Working in the Informal Sector
By Meluse Kapatamoyo
What is Informal Sector employment?
This applies to employment where the employed persons are not entitled to paid leave, pension, gratuity and social security and work in an establishment employing less than five persons.
Informal employees are also casual or day labourers, domestic workers, unregistered or undeclared workers and some temporary workers or part-time workers. They work in formal or informal firms (small unregistered or unincorporated businesses), households or with no fixed employer. Informal agriculture is also included.
According to the International Labour Organisation (ILO), the informal sector accounts for 72 percent of employment in sub-Saharan Africa. In Zambia, it accounts for 80 percent.
Although Zambia’s labour legislation also provides for protection of wages against unlawful deductions; minimum wage requirements; proper notification of wage conditions; the payment of wages in legal tender; the freedom of a worker to dispose of his wages; regularity in wage payments and the treatment of wages as a privileged debt, informal sector workers are among the lowest paid.
Because activities in the informal sector are unregulated by government, many workers find themselves at the mercy of their employers who decide how much wages their job is worth and sometimes when they should be paid.
Social security in the Informal Sector
The absence of a well-defined contractual relationship between employers and employees makes workers in the informal sector ineligible to receive social security benefits under the National Pensions Scheme Authority (NAPSA).
NAPSA is a contributory fund which pays benefits to workers who have reached retirement age, those five years below the retirement age but have contributed to the scheme for a prescribed minimum period or those who have contributed for at least 12 months and “are incapable of gainful employment due to total or partial mental or physical incapacity.”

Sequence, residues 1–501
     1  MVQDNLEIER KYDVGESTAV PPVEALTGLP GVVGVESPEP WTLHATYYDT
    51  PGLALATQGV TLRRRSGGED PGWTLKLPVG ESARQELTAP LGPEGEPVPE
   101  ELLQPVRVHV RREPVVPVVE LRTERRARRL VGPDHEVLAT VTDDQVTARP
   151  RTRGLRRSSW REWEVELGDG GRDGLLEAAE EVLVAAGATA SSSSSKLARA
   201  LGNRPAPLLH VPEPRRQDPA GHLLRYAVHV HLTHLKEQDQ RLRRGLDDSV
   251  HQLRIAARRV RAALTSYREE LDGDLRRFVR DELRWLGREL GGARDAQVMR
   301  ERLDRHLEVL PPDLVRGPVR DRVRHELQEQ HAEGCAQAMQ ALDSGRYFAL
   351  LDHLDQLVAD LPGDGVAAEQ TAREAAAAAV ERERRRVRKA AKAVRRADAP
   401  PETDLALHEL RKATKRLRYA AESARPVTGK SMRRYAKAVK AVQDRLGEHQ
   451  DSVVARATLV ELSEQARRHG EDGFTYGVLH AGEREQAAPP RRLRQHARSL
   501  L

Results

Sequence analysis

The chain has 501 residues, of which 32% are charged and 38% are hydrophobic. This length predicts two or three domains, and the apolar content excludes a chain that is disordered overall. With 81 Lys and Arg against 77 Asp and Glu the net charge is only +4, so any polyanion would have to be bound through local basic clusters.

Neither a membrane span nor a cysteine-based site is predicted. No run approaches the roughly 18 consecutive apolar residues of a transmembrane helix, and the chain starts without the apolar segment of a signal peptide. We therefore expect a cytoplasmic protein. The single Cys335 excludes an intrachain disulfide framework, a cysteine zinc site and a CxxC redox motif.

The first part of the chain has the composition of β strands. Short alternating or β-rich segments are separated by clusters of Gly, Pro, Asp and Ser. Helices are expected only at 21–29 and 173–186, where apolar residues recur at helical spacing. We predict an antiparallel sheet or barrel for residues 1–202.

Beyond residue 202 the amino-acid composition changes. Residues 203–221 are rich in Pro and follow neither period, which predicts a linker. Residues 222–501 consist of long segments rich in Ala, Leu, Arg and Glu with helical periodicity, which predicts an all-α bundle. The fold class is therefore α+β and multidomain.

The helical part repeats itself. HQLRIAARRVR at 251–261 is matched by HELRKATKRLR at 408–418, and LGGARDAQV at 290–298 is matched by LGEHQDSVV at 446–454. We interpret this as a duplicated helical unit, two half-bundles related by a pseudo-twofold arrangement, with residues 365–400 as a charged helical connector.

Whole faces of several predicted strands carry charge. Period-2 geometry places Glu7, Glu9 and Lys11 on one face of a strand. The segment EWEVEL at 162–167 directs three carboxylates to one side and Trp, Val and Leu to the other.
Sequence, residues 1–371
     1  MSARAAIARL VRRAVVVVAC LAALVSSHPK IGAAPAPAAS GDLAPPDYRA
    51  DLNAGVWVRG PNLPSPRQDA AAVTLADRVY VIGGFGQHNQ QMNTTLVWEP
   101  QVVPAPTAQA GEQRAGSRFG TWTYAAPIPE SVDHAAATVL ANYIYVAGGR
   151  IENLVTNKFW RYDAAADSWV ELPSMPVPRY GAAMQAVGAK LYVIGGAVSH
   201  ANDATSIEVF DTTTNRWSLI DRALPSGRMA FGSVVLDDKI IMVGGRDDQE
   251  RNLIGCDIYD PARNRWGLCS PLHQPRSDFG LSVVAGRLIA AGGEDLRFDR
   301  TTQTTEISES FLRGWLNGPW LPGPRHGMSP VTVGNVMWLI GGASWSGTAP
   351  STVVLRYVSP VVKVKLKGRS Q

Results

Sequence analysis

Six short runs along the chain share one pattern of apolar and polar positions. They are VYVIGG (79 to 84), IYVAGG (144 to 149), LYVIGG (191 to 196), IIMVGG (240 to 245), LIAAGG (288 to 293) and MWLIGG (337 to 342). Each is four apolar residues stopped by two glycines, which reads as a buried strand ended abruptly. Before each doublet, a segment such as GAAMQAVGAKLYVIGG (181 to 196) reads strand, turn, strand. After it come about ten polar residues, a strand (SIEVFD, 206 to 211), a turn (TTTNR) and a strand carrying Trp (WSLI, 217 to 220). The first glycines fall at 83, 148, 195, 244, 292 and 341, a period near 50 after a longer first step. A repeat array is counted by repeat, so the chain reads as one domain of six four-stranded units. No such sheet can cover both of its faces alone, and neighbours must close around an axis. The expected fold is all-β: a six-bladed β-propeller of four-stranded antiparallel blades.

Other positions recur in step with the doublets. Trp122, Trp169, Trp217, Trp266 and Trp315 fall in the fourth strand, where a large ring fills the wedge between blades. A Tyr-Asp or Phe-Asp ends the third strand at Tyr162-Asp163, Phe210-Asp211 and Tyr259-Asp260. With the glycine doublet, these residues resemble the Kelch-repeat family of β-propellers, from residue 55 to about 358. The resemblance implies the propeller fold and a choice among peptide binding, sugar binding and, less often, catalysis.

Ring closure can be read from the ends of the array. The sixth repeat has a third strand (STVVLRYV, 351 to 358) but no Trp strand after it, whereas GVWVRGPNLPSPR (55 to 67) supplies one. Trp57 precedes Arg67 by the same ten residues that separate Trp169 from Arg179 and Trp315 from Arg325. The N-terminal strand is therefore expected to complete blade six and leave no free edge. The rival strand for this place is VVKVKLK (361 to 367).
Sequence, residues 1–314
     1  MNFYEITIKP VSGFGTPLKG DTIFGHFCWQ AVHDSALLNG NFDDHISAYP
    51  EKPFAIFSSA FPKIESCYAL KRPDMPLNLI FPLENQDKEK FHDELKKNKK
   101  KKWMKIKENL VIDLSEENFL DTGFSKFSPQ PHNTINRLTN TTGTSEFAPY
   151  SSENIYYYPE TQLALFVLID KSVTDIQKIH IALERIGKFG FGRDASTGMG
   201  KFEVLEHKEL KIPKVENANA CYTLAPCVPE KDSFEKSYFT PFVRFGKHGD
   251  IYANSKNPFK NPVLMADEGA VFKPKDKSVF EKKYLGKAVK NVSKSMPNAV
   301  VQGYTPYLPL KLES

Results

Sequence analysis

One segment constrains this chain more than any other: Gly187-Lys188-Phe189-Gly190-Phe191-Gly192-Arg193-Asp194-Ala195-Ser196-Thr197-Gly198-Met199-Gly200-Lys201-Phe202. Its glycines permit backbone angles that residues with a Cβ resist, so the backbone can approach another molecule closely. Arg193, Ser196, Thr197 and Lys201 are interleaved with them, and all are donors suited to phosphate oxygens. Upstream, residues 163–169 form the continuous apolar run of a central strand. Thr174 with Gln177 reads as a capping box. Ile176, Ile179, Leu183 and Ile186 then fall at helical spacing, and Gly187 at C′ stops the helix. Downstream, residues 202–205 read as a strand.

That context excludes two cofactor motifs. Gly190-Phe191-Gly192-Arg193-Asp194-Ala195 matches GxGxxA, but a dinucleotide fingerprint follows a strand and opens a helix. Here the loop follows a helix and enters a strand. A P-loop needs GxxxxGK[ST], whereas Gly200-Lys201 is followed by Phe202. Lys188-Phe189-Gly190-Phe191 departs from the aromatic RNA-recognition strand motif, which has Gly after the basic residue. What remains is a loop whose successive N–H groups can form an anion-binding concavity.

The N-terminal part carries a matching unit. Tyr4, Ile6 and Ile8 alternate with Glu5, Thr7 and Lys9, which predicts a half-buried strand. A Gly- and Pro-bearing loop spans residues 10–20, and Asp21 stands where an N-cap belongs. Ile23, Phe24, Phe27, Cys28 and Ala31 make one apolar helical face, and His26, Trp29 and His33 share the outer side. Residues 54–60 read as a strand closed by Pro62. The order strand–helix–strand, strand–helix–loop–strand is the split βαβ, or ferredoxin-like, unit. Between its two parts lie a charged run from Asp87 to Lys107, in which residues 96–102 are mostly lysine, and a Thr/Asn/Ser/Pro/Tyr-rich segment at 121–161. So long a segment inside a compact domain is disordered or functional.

And other social security authorities like the Public Pension Fund (PPF) only covers workers in the public service by providing separation packages, monthly pensions and survivor’s benefits. But unlike NAPSA, the PPF is noncontributory. It is funded from the national treasury. However, the PPF falls short of the ILO recommended package of social protection as it does not cater for unemployment, sickness, medical care, maternity, employment injury and family benefit.
More women than men are unemployed in southern Africa
Zambia’s draft Decent Work Country Programme, DWCP, notes that the majority of workers in informal employment are women, who are often exposed to “personal, financial, economic and social risks and vulnerabilities resulting from their need to find employment and generate income”.
Data from the World Economic Forum’s Gender Gap 2010 shows that South Africa and Namibia have the highest levels of general unemployment in the region for both men and women. They are followed by Botswana where 20 percent of women are unemployed. With 13 percent women and 4 percent men, Mauritius has the highest gender gap. At 11 percent and 10 percent, Zambia and Malawi form the middle band of women’s unemployment while Tanzania, Seychelles and Madagascar have unemployment in the single digits of 6 percent, 5 percent, and 4 percent. In Zimbabwe, the levels of women and men’s unemployment are equal and in the single digits.
What is being done?
SADC member countries are party to the SADC gender equality protocol which provides that by 2015, state parties shall review, amend and enact laws and policies that ensure women and men have equal access to wage employment in all sectors of the economy. It also provides equal pay for equal work, eradication of occupational segregation, maternity and paternity benefits.
Find out about Minimum Wages in Zambia.